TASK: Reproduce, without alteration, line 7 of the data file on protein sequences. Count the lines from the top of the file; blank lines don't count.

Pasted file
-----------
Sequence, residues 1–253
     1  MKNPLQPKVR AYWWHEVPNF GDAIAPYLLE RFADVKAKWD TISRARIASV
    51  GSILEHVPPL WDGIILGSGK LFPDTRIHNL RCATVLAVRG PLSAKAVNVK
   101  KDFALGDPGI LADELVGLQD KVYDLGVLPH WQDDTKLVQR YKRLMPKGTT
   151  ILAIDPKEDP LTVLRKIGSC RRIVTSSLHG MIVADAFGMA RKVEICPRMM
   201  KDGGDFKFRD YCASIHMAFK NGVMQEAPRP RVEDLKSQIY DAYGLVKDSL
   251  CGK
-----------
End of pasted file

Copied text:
   251  CGK